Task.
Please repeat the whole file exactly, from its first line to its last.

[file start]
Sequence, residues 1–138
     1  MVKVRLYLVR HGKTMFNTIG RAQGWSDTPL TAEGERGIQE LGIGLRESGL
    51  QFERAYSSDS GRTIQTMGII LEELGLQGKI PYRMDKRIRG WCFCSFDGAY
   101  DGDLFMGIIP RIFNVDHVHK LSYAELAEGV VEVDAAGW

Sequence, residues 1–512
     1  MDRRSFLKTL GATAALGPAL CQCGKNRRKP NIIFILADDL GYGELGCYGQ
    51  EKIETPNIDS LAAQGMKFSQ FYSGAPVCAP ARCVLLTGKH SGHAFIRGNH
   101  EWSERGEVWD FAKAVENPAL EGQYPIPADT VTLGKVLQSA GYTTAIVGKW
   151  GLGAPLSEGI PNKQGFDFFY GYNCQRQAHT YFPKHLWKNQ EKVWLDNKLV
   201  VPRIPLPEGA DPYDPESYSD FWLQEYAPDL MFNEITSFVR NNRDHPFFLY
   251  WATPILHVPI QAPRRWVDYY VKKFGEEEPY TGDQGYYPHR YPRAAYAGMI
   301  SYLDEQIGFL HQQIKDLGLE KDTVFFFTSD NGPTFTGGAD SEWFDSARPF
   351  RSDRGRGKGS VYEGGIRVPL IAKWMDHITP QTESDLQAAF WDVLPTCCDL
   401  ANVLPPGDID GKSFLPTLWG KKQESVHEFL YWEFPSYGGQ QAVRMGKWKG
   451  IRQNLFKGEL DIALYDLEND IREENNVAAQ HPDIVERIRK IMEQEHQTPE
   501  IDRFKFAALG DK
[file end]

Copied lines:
Sequence, residues 1–138
     1  MVKVRLYLVR HGKTMFNTIG RAQGWSDTPL TAEGERGIQE LGIGLRESGL
    51  QFERAYSSDS GRTIQTMGII LEELGLQGKI PYRMDKRIRG WCFCSFDGAY
   101  DGDLFMGIIP RIFNVDHVHK LSYAELAEGV VEVDAAGW

Sequence, residues 1–512
     1  MDRRSFLKTL GATAALGPAL CQCGKNRRKP NIIFILADDL GYGELGCYGQ
    51  EKIETPNIDS LAAQGMKFSQ FYSGAPVCAP ARCVLLTGKH SGHAFIRGNH
   101  EWSERGEVWD FAKAVENPAL EGQYPIPADT VTLGKVLQSA GYTTAIVGKW
   151  GLGAPLSEGI PNKQGFDFFY GYNCQRQAHT YFPKHLWKNQ EKVWLDNKLV
   201  VPRIPLPEGA DPYDPESYSD FWLQEYAPDL MFNEITSFVR NNRDHPFFLY
   251  WATPILHVPI QAPRRWVDYY VKKFGEEEPY TGDQGYYPHR YPRAAYAGMI
   301  SYLDEQIGFL HQQIKDLGLE KDTVFFFTSD NGPTFTGGAD SEWFDSARPF
   351  RSDRGRGKGS VYEGGIRVPL IAKWMDHITP QTESDLQAAF WDVLPTCCDL
   401  ANVLPPGDID GKSFLPTLWG KKQESVHEFL YWEFPSYGGQ QAVRMGKWKG
   451  IRQNLFKGEL DIALYDLEND IREENNVAAQ HPDIVERIRK IMEQEHQTPE
   501  IDRFKFAALG DK